We will continue to look for measures that are meaningful and allow us to assess trends over time.
On the enforcement front, it has also been busy and productive. Some highlights are below.
- We publicly censured Redcentric and secured a compensation agreement for members who were impacted by false and misleading statements about the company’s financial position. This was the first time an AIM listed company implemented a scheme to compensate its members for market abuse. We also brought criminal charges arising from the same circumstances against 3 former directors alleging offences under the Companies Act, Theft Act and Fraud Act. Those charges await trial.
- We also issued public censure proceedings against Carillion following its £7billion collapse, alleging market abuse by the company. This investigation is one of the FCA’s largest and most significant. We also issued regulatory proceedings against 3 former directors of the company alleging market abuse in relation to false statements and failures to take reasonable steps to ensure announcements were not misleading. We are seeking the imposition of sanctions. These proceedings are on foot.
- We completed market abuse proceedings against former hedge fund manager, Corrado Abbatista, and fined him £100,000 for placing large misleading orders for instruments he had no intention of trading whilst at the same time placing smaller genuine orders on the opposite side of the order book. We found he falsely represented an intention to buy or sell when his true intention was different, distorting the appearance of genuine supply and demand, and illegally benefiting his trading position.
- We brought proceedings against HK based hedge fund, Asia Research & Capital Management Ltd, and fined it £873,000 for failures to make 155 notifications to the FCA and 155 disclosures to the market, over more than 100 days, of its net short position in Premier Oil Plc which constituted nearly 17% of the company’s issued share capital.
- We have recently commenced insider dealing proceedings against 4 individual defendants in 2 separate proceedings. In one case we allege the 2 defendants committed insider dealing offences in relation to trading in British Polythene Industries Plc. In the second we allege 2 brothers, formerly of Goldman Sachs and Clifford Chance, committed insider dealing offences in 6 stocks. Those cases are also awaiting trial.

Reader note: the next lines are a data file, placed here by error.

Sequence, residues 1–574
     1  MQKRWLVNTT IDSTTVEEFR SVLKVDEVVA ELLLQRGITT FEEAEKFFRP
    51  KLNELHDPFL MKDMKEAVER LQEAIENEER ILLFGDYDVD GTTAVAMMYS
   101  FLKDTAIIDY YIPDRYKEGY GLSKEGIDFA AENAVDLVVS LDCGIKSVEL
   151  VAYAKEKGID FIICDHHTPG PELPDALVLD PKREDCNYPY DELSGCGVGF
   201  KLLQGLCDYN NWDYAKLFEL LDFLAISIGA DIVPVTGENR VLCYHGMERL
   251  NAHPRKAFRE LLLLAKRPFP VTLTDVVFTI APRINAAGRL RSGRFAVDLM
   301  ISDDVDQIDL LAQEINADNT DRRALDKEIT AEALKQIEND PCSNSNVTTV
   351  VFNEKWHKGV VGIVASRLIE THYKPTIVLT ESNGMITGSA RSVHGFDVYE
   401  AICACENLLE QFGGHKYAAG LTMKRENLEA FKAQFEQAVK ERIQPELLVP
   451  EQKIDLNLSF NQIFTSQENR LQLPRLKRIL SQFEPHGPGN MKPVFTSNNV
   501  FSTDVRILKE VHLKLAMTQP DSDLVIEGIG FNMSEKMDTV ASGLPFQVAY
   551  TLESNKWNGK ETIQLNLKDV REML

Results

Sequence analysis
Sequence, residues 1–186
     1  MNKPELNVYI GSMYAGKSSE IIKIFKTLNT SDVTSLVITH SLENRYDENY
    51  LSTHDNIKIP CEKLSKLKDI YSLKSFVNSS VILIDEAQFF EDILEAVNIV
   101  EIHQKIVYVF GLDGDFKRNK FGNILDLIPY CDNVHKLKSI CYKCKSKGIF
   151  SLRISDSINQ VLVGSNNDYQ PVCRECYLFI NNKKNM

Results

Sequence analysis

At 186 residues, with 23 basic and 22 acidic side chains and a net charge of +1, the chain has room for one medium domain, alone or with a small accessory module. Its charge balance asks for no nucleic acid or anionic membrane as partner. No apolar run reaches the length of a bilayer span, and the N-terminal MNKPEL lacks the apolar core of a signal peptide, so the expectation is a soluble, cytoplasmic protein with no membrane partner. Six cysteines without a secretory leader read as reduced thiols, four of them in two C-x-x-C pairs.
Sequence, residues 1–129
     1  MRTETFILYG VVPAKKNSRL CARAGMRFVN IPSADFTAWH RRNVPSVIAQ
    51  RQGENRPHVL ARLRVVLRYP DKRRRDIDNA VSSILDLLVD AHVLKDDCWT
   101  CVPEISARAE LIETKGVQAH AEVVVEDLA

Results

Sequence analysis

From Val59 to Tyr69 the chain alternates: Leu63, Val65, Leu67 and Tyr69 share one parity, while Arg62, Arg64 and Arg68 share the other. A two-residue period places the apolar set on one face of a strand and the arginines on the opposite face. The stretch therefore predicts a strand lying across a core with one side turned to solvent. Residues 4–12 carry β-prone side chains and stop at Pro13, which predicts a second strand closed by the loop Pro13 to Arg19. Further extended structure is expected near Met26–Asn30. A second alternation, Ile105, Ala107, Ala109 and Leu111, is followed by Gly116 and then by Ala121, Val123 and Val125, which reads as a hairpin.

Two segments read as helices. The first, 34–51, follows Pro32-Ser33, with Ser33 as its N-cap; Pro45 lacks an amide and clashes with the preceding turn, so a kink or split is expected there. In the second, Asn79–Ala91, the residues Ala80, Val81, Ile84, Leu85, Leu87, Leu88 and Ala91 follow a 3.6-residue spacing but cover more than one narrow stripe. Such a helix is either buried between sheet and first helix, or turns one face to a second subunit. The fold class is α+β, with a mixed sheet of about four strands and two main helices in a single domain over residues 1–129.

- Finally, just before Christmas we won the appeal against conviction and sentence brought by Fabiana Abdel-Malek and Walid Choucair. This is one of the most complex insider dealing cases I have ever encountered, not because of the trading, but because of the extraordinary challenges to the evidence by the defendants and cross allegations against the investigation, all of which were rejected by the Court of Appeal. Following this decision, Mr Choucair, who was sentenced to 3 years imprisonment, was ordered to pay over the sum of £3.9 million under the Proceeds of Crime Act proceedings brought by the FCA. The sum represented profits arising from the transactions in issue in the trial together with trading in other stocks which the court was entitled to assume represented other insider trading profits. As they say, crime really doesn’t pay.
I’ve managed to get to the end of what I wanted to say without mentioning Brexit which was the other significant factor in our work over the last 12 months. I will not say much now that the transition period has ended other than to mention the enormous work involved in ensuring a smooth transition in the weeks and days leading up to 31 December by colleagues and market participants. It has brought a new beginning and we are now in a new world with new challenges and, no doubt, new opportunities.